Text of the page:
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In the battle of old versus new ways of teaching math, our kids are suffering

Matthew Oldridge is a mathematics teacher and father based in Mississauga, Ont.

Another school year approaches, the EQAO mathematics results are released, and we teachers have to ask ourselves: Where is the system going wrong? The same gruesome number again: 50 per cent of Ontario's Grade 6 students are failing to meet the provincial standard, and every parent and teacher across the province is trying to figure out why.

As a mathematics educator who has been teaching Grades 3 to 10 for 15 years – and as a veteran of the debates over how best to teach mathematics (the so-called "math wars") – I am no stranger to these conversations. Going back to the National Council of Teachers of Mathematics (NCTM) reforms of 1989, we have hotly debated how best to teach mathematics for decades. Do kids need to master the so-called basics before they work with interesting problems? Are calculators and smartphones to blame? Are kids doing enough problem-solving? For that matter, what are the basics?

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It is tempting to lay the blame at the feet of either traditional or discovery mathematics, based on what you believe. It's time to get past that argument, too. Pure traditional teaching with endless homework and worked examples may produce kids who are more parrots than thinkers. Pure discovery learning is a disaster – kids need guidance to learn and use powerful mathematical tools and structures. Most educators are somewhere between these two poles with their teaching methods.

Quiz: Can you pass the Grade 6 math test?

Ontario students are caught in the middle due to changing teaching methods and a curriculum that needs adjusting to be more developmentally appropriate. A generation after the NCTM reform and Ontario curriculum revisions in 1997 and 2005, we are still stuck between "old ways" and "new ways." Textbooks have essentially disappeared, and there are no new ones on the horizon. Teachers are encouraged to find and create their own math problems, and they should – but we should also acknowledge the high degree of skill and discernment it takes to select or create interesting problems.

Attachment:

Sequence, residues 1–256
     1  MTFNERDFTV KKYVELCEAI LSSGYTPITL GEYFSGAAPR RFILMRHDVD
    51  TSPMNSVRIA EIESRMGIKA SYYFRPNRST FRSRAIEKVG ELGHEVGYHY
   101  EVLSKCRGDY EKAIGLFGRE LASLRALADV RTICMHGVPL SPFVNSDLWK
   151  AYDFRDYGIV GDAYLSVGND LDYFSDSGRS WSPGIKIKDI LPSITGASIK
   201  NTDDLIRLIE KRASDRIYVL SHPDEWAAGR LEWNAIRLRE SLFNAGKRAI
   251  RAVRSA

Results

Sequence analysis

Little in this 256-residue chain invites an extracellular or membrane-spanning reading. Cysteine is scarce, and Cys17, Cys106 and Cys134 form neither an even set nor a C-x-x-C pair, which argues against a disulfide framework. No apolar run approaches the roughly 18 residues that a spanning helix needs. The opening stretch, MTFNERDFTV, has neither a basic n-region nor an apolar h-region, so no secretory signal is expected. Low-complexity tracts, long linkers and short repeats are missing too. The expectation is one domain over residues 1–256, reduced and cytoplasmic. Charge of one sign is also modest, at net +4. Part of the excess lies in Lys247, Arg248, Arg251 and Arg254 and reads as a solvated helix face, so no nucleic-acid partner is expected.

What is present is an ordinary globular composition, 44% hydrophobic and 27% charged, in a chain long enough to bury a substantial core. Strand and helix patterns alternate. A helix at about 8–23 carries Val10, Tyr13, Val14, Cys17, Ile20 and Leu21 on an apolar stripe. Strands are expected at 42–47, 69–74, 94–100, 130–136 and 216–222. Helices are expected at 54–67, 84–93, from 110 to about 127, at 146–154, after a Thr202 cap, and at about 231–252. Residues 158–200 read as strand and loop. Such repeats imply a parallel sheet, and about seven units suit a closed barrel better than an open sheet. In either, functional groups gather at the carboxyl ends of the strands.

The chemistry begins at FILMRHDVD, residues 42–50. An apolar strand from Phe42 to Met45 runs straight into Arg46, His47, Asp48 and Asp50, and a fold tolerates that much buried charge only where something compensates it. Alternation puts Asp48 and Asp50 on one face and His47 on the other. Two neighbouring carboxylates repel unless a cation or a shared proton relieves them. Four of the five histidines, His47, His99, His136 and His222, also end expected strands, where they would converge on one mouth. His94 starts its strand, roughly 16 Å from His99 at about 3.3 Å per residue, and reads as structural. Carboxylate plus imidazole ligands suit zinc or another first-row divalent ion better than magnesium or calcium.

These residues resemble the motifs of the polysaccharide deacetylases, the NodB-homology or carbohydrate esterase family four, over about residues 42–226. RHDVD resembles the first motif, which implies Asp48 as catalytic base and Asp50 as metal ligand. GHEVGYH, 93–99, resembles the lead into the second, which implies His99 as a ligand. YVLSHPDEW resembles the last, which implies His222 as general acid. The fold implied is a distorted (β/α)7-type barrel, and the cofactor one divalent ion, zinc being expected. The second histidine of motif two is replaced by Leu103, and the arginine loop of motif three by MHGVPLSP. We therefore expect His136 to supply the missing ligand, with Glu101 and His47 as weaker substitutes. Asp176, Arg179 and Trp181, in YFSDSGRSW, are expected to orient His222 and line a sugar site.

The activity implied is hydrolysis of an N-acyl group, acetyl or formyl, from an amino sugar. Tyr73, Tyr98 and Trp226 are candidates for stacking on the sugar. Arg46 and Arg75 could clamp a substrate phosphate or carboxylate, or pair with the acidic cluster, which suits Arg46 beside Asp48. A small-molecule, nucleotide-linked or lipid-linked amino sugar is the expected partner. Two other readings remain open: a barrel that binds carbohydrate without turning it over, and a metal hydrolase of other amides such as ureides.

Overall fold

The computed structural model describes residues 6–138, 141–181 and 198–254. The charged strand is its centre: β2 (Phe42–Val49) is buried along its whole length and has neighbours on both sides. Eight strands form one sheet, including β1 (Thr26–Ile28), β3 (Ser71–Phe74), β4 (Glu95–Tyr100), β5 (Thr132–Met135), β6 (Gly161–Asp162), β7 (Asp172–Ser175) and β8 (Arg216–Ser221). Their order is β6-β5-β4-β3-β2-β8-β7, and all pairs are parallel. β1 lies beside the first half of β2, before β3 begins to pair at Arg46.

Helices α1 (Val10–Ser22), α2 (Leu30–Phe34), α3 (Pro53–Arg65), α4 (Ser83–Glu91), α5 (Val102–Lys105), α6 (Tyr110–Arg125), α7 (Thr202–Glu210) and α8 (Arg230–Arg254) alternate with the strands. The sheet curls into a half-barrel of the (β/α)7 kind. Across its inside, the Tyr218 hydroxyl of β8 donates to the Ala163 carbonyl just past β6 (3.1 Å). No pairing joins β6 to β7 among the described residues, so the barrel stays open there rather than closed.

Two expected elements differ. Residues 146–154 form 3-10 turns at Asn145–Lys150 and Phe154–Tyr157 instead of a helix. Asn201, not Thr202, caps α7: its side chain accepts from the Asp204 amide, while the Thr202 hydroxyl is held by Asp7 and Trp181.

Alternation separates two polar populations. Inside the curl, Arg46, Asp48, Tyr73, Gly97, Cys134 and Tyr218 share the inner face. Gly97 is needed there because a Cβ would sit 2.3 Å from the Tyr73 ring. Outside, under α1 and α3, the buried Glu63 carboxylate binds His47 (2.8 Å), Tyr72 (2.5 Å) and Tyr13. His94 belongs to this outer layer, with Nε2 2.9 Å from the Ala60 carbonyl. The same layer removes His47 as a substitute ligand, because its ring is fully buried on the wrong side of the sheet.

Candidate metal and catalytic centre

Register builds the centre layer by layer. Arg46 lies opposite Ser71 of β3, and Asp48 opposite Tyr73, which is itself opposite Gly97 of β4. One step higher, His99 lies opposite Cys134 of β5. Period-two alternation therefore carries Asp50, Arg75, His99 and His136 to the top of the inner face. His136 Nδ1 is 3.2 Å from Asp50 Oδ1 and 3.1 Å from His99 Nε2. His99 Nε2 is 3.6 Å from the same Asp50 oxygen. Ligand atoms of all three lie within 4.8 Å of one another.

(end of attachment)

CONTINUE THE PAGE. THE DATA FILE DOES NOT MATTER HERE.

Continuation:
Recent Ministry of Education developments such as the Renewed Mathematics Strategy focus on mathematics content knowledge for teaching hold promise. The biggest revelation in my career has been how much I didn't know about mathematics. Teaching is also learning – may it always be so. Researching how kids learn to count and add and subtract, for example, has changed my thinking about the complexity of early mathematics. Teachers need much more training in mathematical content knowledge – and how to teach it.

Compounding the problem is a 12-year-old curriculum that has good front matter, and a great philosophy, but needs revision to reflect current research in how students learn math. For example, Ontario has a new fractions learning pathway based on research about how kids learn fractions concepts, as well as a document on spatial reasoning that ties spatial thinking to future mathematics success. Each grade has a gigantic list of expectations that teachers are tempted to see as a "shopping list" – to check off.

In reality, the overall expectations that must be graded are more manageable, but it's easy to get lost in the forest of expectations and not see the trees. I would prefer we go the way of British Columbia and foreground the big ideas of mathematics that are to be covered, rather than the minutiae.

If you look at the EQAO data for Grade 6, you see trends such as students struggling with questions about the surface area and volume of a triangular prism. My suspicion is this topic is better left to Grade 7 or left out totally – when was the last time you calculated the surface area of a triangular prism?

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Students also struggle with multistep problem-solving. The questions labelled "thinking" by the EQAO are usually the worst category by score. This is troubling because, after all, humans were born to think. We are thinking beings. Perhaps kids also aren't being given enough chances to engage with interesting and meaningful math problems.

But what exactly is meaningful? One year the EQAO included a question about the mean of the height of the players on the starting lineup of a basketball team but neglected to say that a "starting lineup" is five people. Guess what? Students bombed that question. Lack of knowledge of the context sabotaged them before they even started.

Is it any wonder that students are struggling? They are the ones caught in the middle.

We need meaningful curriculum reform in Ontario and must continue to work on providing teachers with the powerful mathematical content knowledge they need to help their students. Let's allow kids to engage with interesting mathematics problems and give them enough time to practise their skills.

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